If you’re in the business of managing people–and most executives are–then “First, Break All the Rules: What the World’s Greatest Managers Do Differently” (Simon and Schuster, 1999) by Gallup analysts Marcus Buckingham and Curt Coffman is perfect reading for you. Based on interviews with 1 million employees and 80,000 managers over the course of 25 years, the authors set out to find the answers to what makes a great manager and how to become one.
According to the authors, great managers are revolutionaries who have one thing in common: They break all the rules of conventional wisdom. Following conventional wisdom is taking the easy route, something great managers shy away from, according to Buckingham and Coffman. Great managers also do not come in a cookie cutter form; being individualistic is what has made them succeed.
What exactly do great managers do differently? Many things, actually. When a manager is in the hiring process, he or she should use an approach the authors have labeled “the Four Keys” of great managers. The Four Keys reveal how managers unleash the potential of every employee by:
- Defining the right outcomes, not the right steps.
- Focusing on strengths, not on his or her weaknesses.
- Helping him or her find the right fit, not simply the next rung on the ladder.
The authors note that great managers know that very few people have the ability to change; however, great managers know how to control or correct what nature saw fit to provide. As Buckingham and Coffman write: “This insight is revolutionary. It explains why great managers do not believe that everyone has unlimited potential; why they do not help people fix their weaknesses; why they insist on breaking the ‘Golden Rule’ with every single employee; and why they play favorites. It explains why great managers break all the rules of Conventional Wisdom.”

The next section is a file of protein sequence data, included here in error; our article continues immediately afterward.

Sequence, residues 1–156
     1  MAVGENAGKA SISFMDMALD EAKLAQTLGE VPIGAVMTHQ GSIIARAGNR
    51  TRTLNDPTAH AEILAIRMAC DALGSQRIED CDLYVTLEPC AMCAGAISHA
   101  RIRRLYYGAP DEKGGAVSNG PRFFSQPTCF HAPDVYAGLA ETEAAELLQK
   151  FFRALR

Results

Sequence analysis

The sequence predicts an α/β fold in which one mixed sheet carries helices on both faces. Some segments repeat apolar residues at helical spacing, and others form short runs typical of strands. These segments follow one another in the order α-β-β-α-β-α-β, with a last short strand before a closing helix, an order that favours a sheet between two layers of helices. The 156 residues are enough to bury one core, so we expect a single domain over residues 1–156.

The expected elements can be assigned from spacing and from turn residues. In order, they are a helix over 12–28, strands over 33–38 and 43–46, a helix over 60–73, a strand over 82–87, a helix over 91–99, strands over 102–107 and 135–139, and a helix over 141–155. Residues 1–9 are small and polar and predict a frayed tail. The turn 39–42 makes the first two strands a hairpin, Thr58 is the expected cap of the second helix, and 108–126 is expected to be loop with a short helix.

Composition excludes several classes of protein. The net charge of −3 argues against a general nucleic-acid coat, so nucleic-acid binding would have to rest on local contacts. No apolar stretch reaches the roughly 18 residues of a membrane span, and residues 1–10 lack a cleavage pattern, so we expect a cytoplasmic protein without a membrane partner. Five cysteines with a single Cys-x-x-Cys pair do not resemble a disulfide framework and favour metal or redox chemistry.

While virtually all managers are leaders of some sort, Buckingham and Coffman explain there is a major difference between a manager and a leader: Great managers look inward, and great leaders look outward. Great managers look inside the company, into each individual, into the differences in style, goals, needs and motivation of each person. Great leaders, on the other hand, look out at the competition, out at the future, out at alternative routes forward.
“It is entirely possible for a person to be a brilliant manager and a terrible leader,” the authors write. “But it is just as possible for a person to excel as a leader and fail as a manager. And, of course, a few exceptionally talented individuals excel at both.”
With comments ranging from “excellent management book” to “a must-read for managers of all levels,” “Break all the Rules” has received overwhelmingly positive reviews on Amazon, with the majority rating the book as 5-star reading material. It has been translated into 22 languages, as well as appeared on the bestseller lists of The New York Times, the Wall Street Journal, BusinessWeek, and USA Today.
Step No. 1 to become a better manager: Pick up a copy of this book. You might learn a thing or two.
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